What is the Best Approach: Automation with IpaaS
Well there is no Best approach, it’s about what is right for the organisation and what delivers value. However, the most successful approach we’ve seen over the last 2-3 years is utilising modern iPaaS (Integration Platform as a Service) solutions to consolidate integration and automation into a single platform.
Advantages of Automation within an IpaaS solution
By utilising iPaaS solutions, organisations can still be as quick-to-market as specific RPA tools, but without many of the drawbacks. An iPaaS solution is very much a strategic approach’, meaning that concerns around data silos and governance are diminished.
Most iPaaS solutions have now evolved into low code/no code platforms meaning that the requirement for an integration specialist to implement and maintain business processes is no longer there.
iPaaS solutions are developing even further in the field of automation with tools such as Workato’s Workbot, which is an enterprise bot for Slack. This essentially allows Slack to drive automation from messages, perfect for something like Support or Sales and Marketing flows. There are also similar bots for Microsoft Teams and Facebook Workplace.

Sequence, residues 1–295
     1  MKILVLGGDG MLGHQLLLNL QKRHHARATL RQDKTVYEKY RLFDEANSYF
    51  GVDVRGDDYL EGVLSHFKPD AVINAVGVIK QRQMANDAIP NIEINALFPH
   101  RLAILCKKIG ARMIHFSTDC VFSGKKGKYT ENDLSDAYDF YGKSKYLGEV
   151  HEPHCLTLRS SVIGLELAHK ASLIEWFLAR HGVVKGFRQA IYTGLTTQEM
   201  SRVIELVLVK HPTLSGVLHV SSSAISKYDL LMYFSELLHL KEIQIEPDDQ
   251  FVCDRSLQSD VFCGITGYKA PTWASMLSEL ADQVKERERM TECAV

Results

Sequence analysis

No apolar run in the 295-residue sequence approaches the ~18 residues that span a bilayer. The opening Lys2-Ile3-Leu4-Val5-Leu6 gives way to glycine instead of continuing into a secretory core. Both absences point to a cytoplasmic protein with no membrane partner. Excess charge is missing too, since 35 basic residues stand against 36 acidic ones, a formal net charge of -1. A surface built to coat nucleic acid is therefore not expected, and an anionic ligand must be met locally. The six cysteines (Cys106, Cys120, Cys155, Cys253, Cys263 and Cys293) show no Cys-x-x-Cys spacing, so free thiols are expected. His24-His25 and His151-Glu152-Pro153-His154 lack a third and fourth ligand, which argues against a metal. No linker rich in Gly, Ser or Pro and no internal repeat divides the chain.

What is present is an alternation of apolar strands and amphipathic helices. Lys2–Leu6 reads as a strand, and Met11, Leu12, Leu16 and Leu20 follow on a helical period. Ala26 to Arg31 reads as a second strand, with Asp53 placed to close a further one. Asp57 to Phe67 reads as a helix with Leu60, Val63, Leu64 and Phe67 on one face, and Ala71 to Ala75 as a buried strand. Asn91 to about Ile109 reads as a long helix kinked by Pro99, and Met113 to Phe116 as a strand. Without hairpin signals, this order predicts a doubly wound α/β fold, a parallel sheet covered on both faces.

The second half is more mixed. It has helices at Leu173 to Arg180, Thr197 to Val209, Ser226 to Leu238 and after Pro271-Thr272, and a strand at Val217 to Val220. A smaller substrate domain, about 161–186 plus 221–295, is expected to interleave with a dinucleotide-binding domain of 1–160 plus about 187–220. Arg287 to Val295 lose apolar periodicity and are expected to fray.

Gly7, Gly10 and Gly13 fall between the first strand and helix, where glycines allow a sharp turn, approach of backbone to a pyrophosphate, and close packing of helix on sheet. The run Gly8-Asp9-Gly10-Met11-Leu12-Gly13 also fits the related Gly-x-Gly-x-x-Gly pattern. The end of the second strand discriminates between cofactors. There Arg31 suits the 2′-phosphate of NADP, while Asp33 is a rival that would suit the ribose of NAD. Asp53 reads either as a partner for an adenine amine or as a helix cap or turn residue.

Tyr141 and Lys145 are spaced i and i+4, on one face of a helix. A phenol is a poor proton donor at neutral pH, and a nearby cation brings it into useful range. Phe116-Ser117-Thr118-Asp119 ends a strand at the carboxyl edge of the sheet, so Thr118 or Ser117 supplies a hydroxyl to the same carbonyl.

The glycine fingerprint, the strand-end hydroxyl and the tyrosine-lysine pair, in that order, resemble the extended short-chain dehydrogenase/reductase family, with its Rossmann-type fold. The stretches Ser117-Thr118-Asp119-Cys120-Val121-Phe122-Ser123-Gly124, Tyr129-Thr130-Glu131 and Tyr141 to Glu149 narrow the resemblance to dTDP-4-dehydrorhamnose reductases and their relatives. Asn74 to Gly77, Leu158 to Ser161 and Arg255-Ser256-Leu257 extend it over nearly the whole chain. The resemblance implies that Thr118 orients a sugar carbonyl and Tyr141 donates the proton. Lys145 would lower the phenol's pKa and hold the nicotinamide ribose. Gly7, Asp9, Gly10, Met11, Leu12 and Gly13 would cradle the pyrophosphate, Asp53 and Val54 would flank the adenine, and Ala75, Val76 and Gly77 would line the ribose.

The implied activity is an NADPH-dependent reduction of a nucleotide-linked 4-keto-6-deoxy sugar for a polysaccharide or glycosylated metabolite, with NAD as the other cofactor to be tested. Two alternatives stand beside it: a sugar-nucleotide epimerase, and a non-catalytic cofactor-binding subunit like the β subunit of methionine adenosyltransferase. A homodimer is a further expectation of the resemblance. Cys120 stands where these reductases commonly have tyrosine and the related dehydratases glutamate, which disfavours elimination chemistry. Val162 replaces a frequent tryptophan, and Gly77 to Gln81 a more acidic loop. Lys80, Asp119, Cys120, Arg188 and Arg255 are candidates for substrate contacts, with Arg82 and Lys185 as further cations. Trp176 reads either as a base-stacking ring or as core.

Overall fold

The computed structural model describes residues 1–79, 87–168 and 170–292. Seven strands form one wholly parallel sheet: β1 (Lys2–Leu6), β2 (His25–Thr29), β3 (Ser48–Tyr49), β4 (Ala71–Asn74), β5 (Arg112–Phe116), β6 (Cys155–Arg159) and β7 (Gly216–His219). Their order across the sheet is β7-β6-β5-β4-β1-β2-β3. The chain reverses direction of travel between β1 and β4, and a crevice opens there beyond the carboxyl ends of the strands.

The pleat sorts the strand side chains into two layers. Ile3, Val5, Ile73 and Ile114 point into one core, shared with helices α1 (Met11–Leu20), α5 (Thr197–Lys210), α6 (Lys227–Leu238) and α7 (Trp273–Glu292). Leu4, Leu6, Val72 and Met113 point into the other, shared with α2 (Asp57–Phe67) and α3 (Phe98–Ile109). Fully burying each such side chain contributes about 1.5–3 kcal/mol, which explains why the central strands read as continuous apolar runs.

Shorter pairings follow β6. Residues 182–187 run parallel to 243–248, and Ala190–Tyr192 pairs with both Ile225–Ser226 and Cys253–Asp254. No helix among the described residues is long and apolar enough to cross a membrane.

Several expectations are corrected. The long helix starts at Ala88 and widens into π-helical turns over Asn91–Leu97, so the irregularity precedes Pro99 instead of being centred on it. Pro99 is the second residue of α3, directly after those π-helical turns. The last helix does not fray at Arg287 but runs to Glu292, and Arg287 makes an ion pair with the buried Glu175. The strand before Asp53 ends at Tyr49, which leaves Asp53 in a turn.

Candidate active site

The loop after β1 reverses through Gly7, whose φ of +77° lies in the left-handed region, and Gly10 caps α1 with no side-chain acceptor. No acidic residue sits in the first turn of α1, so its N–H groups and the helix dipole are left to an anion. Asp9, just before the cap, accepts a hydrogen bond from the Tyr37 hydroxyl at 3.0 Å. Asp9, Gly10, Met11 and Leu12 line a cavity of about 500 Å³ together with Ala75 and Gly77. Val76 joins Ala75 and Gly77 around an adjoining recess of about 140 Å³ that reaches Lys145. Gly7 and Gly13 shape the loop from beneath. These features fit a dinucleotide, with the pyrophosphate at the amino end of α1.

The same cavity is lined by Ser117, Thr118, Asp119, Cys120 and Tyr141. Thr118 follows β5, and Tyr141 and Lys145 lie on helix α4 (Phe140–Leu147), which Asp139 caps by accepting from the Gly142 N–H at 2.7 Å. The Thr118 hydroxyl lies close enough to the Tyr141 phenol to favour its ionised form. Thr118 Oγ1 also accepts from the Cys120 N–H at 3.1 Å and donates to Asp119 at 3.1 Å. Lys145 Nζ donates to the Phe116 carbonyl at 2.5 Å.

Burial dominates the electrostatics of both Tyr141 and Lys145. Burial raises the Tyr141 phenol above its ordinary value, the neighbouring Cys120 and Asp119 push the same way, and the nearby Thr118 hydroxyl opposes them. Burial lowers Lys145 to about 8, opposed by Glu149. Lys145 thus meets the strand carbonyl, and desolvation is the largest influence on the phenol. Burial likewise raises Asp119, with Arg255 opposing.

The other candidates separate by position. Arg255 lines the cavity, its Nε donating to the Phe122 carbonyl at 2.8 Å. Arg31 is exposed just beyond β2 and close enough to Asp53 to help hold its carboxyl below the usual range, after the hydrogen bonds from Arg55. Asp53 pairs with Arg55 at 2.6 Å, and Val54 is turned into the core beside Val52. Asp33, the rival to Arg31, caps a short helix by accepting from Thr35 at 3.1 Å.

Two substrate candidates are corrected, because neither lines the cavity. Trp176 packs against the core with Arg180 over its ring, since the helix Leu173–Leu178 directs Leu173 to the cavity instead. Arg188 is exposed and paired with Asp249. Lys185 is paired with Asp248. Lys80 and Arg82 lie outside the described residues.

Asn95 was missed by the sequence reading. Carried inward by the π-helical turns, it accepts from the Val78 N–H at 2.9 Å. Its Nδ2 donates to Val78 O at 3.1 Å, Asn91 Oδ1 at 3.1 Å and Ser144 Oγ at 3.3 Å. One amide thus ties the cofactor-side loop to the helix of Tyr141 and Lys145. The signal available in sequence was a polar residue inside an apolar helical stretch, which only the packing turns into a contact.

Another advantage of Automation within an iPaaS solution is that challenges such as scalability and performance have already been addressed. To provide a strategic solution for Enterprise Integration means that many enterprise-level needs such as scaling, security, availability and performance are inherent within these platforms and are leveraged within the Automation capabilities.
Whilst we believe that there is a compelling argument for leveraging Automation from within iPaaS offerings, it has to be approached in the right way. We are still just talking about technology here, in order to develop a true capability, we must consider the people and the processes involved. This can be one of the challenges in having a single platform as there are several concerns, stakeholders and perspectives to address. The requirements of an integration developer for backend SAP to Salesforce integrations and the requirements of a business user to automate lead generation activities are likely to be very different.
We believe however that with technologies such as Workato and Dell Boomi, this can easily be achieved. An iPaaS technology such as those mentioned, actually provides the ability to separate those concerns. Backend integrations can still be developed at the same time as recipes or flows can be implemented by business users or “citizen integrators”, essentially enabling two speeds of development within a single platform.